For the Cade-led Pistons, this is less of a concern as they are looking for shooters to surround Cade—and to a lesser extent Killian. Still, you would be hard press to find a rotational player that is this inefficient inside the arc while still being a good three-point shooter. In today’s analytics driven NBA where even the superstars are docked for being inefficient you cannot be as ineffective in any one shot area as Pickett is on his twos.

Jamorko Pickett’s 2020-21 Shot Chart via the ‘21 NBA Draft shiny app 3.0 by Dom Samangy
https://dsamangy.shinyapps.io/NBA_NCAA_Similarity_Comps/

His defense is also uncertain. Pickett played a power forward-type role by default last year at Georgetown since he was one of the tallest players on the team and can actually rebound, but this didn’t exactly play to his strengths on either side of the ball. His two-point percentage bears out how much he should not have been in this role on offense, and on defense it put him in this developmental no-man’s land.

Too skinny to match up with bulky 4s and 5s, but not quite laterally quick enough to handle very athletic guards, placing him at the 4 where he had to do both of those things a lot did him few favors. If he was the 6-foot-9 inches tall and 206 pounds Georgetown listed him at, I would be less inclined to say this is a major concern as there are guys like Derrick Jones Jr. and Robert Covington around this size that play in the front court just fine. Now, however, with his summer league measurements being shorter and lighter, I think the Cruise’s coaching staff’s No. 1 priority now is figuring out what his spot is on defense.

My inclination is to keep him on the wing where his size and shooting cause mismatches and there are fewer guys at the shooting guard spot that would immediately expose Pickett on defense unlike if he were a skinny forward. I say all this to say even though he is wing-sized, right now he is only a one-position defender for all the reasons I listed.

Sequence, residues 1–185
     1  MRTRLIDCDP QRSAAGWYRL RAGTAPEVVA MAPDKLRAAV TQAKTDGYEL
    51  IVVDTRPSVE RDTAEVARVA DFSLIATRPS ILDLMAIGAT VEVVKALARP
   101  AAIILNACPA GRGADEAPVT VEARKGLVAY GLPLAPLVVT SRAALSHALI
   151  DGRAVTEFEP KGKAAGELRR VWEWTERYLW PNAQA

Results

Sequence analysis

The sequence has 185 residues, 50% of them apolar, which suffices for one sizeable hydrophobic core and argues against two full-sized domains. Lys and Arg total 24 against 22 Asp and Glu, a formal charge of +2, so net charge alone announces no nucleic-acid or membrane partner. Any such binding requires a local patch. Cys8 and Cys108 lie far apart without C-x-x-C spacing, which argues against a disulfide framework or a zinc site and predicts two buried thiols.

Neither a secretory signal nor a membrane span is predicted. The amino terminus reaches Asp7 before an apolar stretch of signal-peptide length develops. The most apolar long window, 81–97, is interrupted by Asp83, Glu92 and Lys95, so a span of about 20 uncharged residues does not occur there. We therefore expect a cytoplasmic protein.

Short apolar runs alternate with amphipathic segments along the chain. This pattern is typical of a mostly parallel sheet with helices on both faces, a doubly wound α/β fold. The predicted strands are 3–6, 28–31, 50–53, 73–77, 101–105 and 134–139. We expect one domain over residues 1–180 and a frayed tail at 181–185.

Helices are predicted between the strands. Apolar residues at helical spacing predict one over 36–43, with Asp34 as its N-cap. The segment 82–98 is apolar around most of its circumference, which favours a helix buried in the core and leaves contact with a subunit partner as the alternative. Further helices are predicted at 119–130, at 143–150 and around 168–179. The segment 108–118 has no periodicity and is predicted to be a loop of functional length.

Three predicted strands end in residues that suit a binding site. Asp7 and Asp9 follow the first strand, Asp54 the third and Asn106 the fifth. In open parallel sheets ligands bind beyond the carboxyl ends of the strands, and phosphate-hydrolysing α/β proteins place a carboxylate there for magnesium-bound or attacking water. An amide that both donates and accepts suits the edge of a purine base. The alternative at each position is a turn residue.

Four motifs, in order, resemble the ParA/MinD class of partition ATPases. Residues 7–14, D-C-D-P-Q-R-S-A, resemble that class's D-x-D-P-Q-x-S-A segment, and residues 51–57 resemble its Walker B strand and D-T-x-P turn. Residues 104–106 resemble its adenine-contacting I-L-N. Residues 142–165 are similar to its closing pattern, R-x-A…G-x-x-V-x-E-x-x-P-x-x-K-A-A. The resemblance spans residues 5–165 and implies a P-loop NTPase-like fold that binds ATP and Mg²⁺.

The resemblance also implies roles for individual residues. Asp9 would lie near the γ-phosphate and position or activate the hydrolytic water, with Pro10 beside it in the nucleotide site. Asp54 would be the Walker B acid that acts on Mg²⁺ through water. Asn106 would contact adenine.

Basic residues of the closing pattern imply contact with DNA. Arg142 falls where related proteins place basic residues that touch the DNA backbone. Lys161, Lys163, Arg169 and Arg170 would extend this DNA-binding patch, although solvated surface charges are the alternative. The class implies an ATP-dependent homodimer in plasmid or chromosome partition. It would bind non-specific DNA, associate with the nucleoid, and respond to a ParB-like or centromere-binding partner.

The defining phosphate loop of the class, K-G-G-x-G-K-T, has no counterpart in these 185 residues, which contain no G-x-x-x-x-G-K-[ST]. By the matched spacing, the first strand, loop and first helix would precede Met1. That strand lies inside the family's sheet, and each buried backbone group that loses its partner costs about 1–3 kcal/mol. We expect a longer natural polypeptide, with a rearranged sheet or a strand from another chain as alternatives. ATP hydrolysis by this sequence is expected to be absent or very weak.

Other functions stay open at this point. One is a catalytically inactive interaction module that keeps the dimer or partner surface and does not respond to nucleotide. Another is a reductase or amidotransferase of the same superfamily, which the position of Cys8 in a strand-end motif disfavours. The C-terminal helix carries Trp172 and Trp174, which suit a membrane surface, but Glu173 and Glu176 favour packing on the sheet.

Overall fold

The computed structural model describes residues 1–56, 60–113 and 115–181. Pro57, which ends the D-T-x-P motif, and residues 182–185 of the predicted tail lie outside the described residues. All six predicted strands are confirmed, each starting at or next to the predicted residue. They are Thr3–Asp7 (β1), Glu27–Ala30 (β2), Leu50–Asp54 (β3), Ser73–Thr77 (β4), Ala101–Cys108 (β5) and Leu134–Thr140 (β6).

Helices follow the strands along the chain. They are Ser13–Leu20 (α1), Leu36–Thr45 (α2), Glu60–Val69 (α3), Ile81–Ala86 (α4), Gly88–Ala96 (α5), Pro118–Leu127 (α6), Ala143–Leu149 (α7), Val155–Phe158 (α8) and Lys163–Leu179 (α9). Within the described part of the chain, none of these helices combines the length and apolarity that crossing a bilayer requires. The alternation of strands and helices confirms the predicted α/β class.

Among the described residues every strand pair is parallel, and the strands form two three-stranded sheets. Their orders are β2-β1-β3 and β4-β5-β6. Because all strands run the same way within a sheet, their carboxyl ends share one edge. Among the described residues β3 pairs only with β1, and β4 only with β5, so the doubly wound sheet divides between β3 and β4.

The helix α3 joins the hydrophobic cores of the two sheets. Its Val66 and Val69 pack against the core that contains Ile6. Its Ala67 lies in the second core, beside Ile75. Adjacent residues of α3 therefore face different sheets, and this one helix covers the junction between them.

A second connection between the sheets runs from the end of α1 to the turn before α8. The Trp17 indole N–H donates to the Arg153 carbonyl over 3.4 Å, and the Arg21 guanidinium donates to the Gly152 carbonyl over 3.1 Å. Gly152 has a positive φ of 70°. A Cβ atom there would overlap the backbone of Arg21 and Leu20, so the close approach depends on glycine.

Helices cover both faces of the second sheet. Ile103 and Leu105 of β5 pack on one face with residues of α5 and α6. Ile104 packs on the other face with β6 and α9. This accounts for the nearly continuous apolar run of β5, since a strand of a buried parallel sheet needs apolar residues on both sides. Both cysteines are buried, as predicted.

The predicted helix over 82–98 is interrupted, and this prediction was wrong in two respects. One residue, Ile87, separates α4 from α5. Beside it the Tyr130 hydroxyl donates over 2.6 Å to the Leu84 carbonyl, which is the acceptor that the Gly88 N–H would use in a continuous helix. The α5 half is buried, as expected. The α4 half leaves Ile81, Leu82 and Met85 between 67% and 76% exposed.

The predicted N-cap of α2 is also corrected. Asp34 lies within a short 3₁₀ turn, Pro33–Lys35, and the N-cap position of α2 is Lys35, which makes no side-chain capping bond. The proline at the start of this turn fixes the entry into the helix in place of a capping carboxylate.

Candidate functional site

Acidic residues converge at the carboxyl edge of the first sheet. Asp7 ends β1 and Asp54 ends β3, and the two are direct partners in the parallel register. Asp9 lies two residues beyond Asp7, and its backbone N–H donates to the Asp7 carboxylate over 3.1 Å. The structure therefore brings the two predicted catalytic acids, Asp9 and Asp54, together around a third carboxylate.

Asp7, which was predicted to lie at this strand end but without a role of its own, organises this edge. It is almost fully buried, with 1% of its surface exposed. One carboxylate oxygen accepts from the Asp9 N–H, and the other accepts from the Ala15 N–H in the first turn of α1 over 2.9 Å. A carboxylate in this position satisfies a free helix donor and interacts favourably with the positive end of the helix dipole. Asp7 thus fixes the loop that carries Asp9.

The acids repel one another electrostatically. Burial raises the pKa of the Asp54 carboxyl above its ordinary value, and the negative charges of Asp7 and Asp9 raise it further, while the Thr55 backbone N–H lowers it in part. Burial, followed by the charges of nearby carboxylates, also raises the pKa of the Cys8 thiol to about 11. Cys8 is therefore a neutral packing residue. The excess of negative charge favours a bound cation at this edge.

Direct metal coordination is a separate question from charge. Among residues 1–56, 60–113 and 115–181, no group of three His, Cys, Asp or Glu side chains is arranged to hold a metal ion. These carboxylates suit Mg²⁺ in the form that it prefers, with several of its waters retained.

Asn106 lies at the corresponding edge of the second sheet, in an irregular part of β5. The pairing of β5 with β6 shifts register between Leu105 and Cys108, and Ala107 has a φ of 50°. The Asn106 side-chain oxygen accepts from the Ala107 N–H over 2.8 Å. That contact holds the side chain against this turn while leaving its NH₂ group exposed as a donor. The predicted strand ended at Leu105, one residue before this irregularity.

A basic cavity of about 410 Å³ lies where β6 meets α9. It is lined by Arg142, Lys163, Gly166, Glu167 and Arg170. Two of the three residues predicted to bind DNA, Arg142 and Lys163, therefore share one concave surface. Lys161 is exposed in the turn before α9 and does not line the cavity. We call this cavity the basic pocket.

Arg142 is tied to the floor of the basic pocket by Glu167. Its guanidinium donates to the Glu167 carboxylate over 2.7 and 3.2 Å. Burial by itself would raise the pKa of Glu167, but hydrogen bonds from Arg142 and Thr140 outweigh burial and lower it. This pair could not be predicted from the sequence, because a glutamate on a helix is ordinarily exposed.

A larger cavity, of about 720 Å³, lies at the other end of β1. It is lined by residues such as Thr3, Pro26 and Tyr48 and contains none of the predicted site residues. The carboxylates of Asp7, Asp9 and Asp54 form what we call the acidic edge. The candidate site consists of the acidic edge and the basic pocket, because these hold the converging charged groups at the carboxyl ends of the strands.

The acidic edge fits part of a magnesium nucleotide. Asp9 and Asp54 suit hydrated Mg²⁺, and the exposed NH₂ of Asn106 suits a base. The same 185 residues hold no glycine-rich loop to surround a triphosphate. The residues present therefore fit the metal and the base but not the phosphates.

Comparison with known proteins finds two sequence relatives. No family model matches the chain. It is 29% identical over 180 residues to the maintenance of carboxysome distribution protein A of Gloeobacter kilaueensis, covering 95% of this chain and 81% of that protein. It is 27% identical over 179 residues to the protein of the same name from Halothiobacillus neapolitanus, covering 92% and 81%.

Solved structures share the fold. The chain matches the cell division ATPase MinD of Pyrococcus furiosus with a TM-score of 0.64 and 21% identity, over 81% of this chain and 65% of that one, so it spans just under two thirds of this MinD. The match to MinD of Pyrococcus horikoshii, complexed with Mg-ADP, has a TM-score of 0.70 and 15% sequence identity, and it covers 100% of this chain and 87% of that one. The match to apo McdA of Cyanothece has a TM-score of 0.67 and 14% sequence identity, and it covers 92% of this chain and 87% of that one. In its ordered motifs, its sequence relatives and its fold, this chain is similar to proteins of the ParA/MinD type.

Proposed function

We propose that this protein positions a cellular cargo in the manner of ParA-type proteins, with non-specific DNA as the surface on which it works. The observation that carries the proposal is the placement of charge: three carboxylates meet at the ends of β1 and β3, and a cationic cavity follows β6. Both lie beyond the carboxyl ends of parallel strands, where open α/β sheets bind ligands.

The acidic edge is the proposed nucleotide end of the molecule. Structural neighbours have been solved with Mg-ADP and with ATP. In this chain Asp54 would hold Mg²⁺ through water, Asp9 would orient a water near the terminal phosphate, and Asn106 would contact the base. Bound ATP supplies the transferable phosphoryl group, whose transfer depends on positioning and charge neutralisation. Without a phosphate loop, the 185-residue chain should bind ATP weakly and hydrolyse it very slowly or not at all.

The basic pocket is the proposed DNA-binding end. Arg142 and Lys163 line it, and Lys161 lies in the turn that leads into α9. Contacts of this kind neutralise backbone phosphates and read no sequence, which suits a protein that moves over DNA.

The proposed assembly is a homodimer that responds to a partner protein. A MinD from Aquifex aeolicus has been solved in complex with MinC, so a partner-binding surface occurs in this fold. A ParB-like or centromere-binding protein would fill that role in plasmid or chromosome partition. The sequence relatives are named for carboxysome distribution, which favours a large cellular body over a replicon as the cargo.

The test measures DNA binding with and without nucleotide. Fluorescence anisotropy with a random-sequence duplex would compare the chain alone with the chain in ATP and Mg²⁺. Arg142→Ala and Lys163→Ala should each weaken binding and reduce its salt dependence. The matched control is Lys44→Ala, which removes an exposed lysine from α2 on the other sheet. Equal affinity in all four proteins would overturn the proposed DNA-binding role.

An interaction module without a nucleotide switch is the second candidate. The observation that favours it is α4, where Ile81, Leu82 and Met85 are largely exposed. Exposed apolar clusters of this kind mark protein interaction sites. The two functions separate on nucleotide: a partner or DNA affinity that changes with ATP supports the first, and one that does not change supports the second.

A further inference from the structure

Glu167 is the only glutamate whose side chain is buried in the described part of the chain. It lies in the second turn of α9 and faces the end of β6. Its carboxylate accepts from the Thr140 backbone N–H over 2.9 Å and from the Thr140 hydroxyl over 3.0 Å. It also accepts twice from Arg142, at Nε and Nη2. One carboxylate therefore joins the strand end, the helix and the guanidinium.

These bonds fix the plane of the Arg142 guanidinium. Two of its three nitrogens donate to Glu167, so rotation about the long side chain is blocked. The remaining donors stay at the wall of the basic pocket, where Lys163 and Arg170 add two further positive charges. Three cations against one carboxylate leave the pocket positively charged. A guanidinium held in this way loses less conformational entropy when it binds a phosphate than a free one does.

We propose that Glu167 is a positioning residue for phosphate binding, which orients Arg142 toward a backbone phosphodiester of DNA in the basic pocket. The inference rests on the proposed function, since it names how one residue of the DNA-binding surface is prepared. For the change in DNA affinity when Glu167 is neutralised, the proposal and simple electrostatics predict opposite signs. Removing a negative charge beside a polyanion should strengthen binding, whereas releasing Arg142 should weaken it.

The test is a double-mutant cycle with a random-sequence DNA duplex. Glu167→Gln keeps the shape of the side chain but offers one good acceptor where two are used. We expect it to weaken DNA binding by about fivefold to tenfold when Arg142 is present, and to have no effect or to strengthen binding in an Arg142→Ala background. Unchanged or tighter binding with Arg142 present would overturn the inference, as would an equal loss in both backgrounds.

Just look at the following game film against Creighton from this past season and you’ll see all these concerns as Pickett is 4-of-6 from three in the game, but 1-of-4 from two and struggles with the physicality of Creighton’s Christian Bishop.

NBA Comp and Chance of Making it in the Association

A tall three-point shooter who brings little else to the table but complements your star players perfectly to make the lineups work smoothly, Jamorko Pickett reminds me most of former L.A. Laker Sasha Vujačić. Vujačić only had two seasons in his 10-year career where he was able to shoot above 44% from two-point range, but he also only had three seasons where he shot under 34.3% from downtown. This evened out to career percentages of 41.5% from two and 36.7% from three.

If Pickett develops, I could see him in this kind of a role. Vujačić also only started 58 out of the 581 games he played, but many of us remember how much Kobe loved playing with the guy and that he made a lot of impact plays for the two title teams he was part of in L.A. Similarly, I don’t see Pickett as a for real NBA starter but with his teammates in summer league already remarking on his play he displays that easy game and locked in mentality to earn the trust of his squad.

If I were a betting man, I would say his chances of making an NBA roster are much higher than most Exhibit 10 guys because of his size and the fact he possesses steady shooting abilities which are at a premium in today’s NBA. Probably something like 60% of making a roster if his three-point shooting holds up. While that might seem high to some, take a look at the case of guys like Naji Marshall or Garrison Matthews who made it on to a roster because they either became a better three-point shooter or showed their college percentage could hold up.

Let us know what you think of Pickett in the comment and whether or not you would want him in the Pistons’ future plans!